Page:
Dos & Don’ts of Grant Writing for Arts Organizations

dos and donts of grant writing header

The Greater Hartford Arts Council recently held a grant prep seminar for nonprofit organizations and artists at the Connecticut Historical Society. With the help of Diane Gedeon-Martin (Grant Writer & Consultant, The Write Source, LLC) and Dina Silva (Director of Development at TheaterWorks) we reviewed grant opportunities in the region, gave a primer on the dos and don’ts of grant writing, and a provided a “from the trenches” view of what it means to be a grant writer.

With the autumn granting season underway, we’ve rounded up some of the best dos and don’ts from the seminar, as well as answers to your most frequently asked questions.


  1. Plan ahead. Grant applications usually require an Intent to Apply before submitting a formal application, so planning ahead is crucial to meeting research grant deadlines, requirements, the funder’s service area. All of this information should be found on the funder’s website!

Planning ahead will also give you enough time to gather all the materials needed to apply, make sure your facts are straight and that data is as accurate as possible.

Helpful hint:   Always look for the frequently asked questions page of a grant website and read the guidelines thoroughly.

  1. Involve your colleagues in developing a program plan for your grant.

You may have a designated staff person or grant consultant who writes the grant, but they’re not often those who will be implementing and running the funded program.  Program staff should work closely with the grant writer to help explain the ins and outs of the project so that the grant writer is able to write the proposal to the best of their ability.

  1. Follow the directions.

While formatting guidelines and requirements can seem unimportant, they actually help reviewers quickly find the content they need while processing dozens, sometimes even hundreds, of applications. And, of course, it’s vital that reviewers can quickly and easily find the right info in your application, so be sure to follow all uniform formatting guidelines!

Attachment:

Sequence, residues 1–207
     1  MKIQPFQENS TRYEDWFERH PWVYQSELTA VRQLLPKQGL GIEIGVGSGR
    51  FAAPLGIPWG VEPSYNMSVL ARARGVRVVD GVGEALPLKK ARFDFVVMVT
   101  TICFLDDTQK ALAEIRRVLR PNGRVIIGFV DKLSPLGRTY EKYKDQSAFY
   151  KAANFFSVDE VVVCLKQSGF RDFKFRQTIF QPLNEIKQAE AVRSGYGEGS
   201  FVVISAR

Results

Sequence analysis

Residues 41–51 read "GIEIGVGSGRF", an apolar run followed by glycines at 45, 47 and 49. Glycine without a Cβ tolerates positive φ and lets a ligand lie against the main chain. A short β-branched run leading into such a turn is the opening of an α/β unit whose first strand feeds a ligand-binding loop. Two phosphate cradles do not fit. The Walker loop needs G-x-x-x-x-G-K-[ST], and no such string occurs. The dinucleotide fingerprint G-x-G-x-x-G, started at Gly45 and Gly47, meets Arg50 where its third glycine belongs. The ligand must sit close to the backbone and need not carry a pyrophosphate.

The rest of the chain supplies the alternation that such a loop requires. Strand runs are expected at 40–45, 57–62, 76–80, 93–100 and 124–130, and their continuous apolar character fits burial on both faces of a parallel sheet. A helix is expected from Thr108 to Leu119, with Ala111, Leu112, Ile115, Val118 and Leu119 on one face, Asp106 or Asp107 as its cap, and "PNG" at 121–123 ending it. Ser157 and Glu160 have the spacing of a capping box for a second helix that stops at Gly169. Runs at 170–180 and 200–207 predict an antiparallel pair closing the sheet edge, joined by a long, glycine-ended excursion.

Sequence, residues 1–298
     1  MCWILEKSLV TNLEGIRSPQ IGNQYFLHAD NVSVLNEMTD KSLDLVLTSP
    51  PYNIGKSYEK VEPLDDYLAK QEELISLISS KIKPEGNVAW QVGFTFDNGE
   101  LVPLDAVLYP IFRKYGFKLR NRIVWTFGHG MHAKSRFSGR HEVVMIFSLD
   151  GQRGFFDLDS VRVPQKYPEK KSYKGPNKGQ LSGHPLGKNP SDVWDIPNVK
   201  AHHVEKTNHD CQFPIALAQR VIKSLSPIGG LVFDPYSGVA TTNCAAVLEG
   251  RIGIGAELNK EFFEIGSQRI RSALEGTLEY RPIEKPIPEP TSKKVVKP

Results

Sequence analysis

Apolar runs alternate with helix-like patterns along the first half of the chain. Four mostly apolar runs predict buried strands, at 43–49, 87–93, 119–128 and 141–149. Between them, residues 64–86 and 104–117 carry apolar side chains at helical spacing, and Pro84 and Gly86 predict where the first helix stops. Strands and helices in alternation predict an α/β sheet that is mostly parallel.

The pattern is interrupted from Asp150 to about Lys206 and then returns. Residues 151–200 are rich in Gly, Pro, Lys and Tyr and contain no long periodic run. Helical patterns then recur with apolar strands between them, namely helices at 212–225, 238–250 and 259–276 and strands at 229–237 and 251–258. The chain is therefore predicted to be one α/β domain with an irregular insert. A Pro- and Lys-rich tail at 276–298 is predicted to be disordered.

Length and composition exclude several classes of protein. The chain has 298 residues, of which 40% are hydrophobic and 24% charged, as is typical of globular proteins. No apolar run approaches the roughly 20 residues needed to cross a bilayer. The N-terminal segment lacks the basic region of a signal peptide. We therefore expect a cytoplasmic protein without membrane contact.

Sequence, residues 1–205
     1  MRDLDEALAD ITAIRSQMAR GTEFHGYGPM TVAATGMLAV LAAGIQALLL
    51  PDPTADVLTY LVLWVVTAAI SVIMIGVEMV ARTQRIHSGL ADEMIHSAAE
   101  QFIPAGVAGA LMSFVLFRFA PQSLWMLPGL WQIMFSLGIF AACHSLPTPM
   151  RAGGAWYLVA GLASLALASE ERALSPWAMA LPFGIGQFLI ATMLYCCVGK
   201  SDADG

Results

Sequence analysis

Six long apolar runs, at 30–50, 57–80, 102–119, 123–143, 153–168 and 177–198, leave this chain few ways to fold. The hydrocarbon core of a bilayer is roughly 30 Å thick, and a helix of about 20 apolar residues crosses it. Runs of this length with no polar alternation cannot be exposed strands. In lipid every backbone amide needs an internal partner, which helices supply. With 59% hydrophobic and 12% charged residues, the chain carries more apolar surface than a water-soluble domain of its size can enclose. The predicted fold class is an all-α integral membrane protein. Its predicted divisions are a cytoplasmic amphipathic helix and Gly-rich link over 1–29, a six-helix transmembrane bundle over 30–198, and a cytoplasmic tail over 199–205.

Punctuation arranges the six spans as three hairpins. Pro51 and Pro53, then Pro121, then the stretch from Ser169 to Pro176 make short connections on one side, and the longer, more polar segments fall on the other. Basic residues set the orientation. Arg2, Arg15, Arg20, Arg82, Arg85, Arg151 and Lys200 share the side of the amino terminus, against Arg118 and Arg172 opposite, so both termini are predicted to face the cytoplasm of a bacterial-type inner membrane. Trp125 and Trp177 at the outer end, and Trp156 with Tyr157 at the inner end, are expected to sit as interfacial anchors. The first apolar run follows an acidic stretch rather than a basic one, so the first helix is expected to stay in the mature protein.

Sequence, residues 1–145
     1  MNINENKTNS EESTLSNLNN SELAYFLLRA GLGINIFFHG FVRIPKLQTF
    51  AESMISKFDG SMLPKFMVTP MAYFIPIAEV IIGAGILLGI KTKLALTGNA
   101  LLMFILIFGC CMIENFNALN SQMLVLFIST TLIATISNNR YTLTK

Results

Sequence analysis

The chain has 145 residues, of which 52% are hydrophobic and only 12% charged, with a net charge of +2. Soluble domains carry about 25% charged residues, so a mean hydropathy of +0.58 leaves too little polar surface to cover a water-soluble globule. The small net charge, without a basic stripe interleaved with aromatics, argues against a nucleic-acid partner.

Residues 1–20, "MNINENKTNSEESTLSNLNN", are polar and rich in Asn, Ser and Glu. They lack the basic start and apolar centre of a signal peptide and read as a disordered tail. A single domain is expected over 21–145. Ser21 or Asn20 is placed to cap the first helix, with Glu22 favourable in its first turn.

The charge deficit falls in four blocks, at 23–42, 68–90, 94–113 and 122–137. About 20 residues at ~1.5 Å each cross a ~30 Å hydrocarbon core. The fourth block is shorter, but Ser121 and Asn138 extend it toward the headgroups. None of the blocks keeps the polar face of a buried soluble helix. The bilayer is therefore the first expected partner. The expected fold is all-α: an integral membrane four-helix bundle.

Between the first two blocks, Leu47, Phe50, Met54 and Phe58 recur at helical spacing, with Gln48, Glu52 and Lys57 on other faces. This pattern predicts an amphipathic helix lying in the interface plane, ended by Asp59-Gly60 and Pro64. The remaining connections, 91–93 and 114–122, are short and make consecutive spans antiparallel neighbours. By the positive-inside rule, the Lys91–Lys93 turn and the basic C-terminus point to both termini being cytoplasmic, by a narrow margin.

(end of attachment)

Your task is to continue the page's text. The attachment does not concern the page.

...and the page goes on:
Helpful hint: In addition to following formatting guidelines, be sure to answer the questions being asked and don’t let your answers wander into other aspects of your organization or other programs you provide.

  1. Remember that funders are people, too.

Funders really do want to answer your questions and see projects succeed. So, if you do have a question about an application that you can’t find the answer to on their website, don’t be afraid to pick up the phone and ask. There are many bid writers UK that make grants and funding particularly easy for business projects and that want their projects to be successful.

  1. Take advantage of the other resources funders have to offer.

Many funders offer resources like workshops, webinars, links to consultants and grant writing help sites. Take advantage! Some funders event offer feedback for non-funded projects to help you better understand why your project or program didn’t receive funding this time around.

  1. Communicate with your funders after you’ve received the grant.

Funders want to know how your project is going. A quick email update in-between the receipt of the initial award letter and the submission of the final report is all it takes to remind a funder of the good work and great progress your organization is helping to make. Or, if a project runs into difficulties, be sure to let your funder know. Funders understand that project plans can change, but any changes need to be communicated and discussed.


  1. Don’t wait until the last minute.

Make a calendar of upcoming deadlines so that you can plan ahead and start letters of intent, gather letters of support, financials and other supporting documents as early as possible. And remember, if you call a funder with questions on the day the application is due, they may not be available to take your call, so don’t wait!

  1. Don’t give up.

Application processes can be extremely competitive. If your application is declined, it doesn’t necessarily reflect badly on you, your proposal, or the hard work you have put in. Follow up with the funder for feedback to help increase your changes next time!

At the end of the day, remember that your funders believe in your mission and that means that your mission aligns with their mission. At the end of the day we are all working to make the world a better place.

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